Car columnist for The Wall Street Journal Dan Neil tested the Volkswagen ID.4, vaunted by the manufacturer itself. In his opinion, Tesla should not worry about this car as a real rival, because the technology of the Californian company is five years ahead. The author described the VW's ID.4 with a few words "hot-from-the-oven, slightly underbaked strudel,” which seem to hit the mark.
Neil points out that global carmakers are starting to take EV production seriously. The 2021 Volkswagen ID.4 crossover is "the blunt-nosed tip of the VW Group's $43-billion spear." The car's appearance is attractive and the handling mechanism is superior to that of a comparable Honda CR-V or Toyota RAV4.
However, Neil notes that the ID.4 is five years behind its comparable Tesla, and his conclusion is based on a "weeklong test drive of VW's hot-from-the-oven, slightly underbaked strudel."
The author of the article points out that "the ID.4's touch-screen UX is a bit shambolic. The (optional) 12-inch center touch screen takes ages to boot up and can lag behind user inputs. It's not very pretty, either. The “Car-Net” phone app — a Tesla-like remote interface with the car, accessing charging and climate functions — failed to talk to the car when I tried it several times." At the same time, Neil stresses that Tesla's displays respond "at the speed of thought and their mobile IT is coded by the fiery finger of God."
The author points out that with the rear seatbacks folded down, the cargo space in ID.4 is comparable to Tesla Model Y. But what came as a surprise to him is that unlike Model Y or Mustang Mach-E, the ID.4 does not have a front trunk. If you look under the hood, you'll see "a dog's breakfast of taped wires and components, a 12-volt battery (lame), and the world's biggest spacer: a crazy, cast-alloy brace connecting the front bulkhead to the strut-tower supports. That's a bit of temporizing. And no spare tire, either." Neil writes that the engineering design of ID.4 betrays either immaturity or the urge to present the car to market too quickly.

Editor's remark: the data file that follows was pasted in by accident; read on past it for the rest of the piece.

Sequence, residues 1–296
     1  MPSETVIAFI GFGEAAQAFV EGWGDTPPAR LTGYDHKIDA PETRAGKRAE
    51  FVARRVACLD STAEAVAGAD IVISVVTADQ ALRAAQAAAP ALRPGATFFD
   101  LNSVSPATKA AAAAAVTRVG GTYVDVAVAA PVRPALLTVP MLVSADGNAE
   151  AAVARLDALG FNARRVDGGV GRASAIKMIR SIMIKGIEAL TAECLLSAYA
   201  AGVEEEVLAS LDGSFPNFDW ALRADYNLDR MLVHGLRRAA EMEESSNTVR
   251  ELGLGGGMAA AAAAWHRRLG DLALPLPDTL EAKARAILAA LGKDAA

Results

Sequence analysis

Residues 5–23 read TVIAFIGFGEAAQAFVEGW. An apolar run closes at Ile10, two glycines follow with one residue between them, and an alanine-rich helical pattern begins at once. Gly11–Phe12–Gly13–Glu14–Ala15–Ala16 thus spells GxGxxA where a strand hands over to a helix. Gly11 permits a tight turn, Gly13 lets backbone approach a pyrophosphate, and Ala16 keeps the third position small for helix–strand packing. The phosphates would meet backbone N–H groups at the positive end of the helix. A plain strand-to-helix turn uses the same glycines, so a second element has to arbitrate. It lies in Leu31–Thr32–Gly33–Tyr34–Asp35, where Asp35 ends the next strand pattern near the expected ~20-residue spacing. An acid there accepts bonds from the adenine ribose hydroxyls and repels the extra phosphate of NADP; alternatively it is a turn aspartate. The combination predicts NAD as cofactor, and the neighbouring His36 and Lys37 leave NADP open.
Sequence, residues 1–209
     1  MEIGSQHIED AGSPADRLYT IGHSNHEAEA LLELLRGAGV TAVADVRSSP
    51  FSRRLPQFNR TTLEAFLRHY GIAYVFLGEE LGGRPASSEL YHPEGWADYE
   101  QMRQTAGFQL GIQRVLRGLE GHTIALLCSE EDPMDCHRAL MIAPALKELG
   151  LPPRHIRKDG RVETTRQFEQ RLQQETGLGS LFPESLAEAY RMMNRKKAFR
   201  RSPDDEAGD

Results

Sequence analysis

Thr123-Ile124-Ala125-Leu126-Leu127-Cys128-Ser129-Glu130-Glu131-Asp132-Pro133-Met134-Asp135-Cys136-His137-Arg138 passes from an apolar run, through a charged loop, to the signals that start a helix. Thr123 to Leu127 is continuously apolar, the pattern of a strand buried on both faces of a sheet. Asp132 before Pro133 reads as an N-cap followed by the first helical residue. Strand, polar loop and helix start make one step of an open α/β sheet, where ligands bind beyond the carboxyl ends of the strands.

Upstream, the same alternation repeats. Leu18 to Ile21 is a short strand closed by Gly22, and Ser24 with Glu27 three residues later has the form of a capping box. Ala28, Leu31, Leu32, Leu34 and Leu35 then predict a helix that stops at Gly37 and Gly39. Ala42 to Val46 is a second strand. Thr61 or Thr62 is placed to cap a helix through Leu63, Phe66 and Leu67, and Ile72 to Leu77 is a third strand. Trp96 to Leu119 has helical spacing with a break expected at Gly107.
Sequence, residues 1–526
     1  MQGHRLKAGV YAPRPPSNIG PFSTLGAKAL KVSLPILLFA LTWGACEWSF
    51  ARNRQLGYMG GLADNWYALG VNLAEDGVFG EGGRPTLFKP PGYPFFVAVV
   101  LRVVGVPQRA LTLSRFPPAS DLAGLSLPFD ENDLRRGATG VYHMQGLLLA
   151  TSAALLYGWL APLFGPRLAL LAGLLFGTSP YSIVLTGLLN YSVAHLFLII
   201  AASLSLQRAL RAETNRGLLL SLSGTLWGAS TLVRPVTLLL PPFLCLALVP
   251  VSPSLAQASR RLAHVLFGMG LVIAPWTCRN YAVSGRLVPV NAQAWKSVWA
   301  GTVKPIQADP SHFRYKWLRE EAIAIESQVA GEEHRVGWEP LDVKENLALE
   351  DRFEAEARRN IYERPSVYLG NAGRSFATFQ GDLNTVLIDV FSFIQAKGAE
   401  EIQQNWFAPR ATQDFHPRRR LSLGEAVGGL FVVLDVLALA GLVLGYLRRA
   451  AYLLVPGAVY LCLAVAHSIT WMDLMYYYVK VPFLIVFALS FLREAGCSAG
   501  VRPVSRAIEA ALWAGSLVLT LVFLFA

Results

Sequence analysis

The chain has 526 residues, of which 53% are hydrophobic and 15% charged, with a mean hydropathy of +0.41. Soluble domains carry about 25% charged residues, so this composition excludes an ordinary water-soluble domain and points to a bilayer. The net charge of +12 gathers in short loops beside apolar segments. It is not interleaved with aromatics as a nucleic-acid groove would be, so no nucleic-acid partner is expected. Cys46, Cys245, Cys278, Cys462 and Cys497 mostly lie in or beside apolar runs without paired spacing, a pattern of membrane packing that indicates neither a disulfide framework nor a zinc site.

In addition, the car has a less optimized curb weight of 4,600 pounds, which is about 200 pounds heavier than the two motor Model Y. Neil notes that "judging from the ID.4’s anvil-like density that the team ran out of time."
According to the EPA standard, the ID.4 has a range of 250 miles per charge, but in fact, given the colder temperatures, the range has dropped below 200 miles.
The price of ID.4 left Neil confused. The most basic level costs $41,190. Despite the federal tax credit for car buyers and three years of free charging, the author is still stunned, "OMG. The price. Is VW kidding with this thing?...I know, but, but...Jeez!"
H/T Sawyer Merritt/Twitter
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